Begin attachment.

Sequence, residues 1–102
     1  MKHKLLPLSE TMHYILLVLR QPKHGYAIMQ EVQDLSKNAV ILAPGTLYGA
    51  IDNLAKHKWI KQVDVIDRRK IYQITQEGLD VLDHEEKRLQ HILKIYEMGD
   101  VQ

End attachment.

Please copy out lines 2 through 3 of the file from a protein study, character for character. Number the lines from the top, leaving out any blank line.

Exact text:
     1  MKHKLLPLSE TMHYILLVLR QPKHGYAIMQ EVQDLSKNAV ILAPGTLYGA
    51  IDNLAKHKWI KQVDVIDRRK IYQITQEGLD VLDHEEKRLQ HILKIYEMGD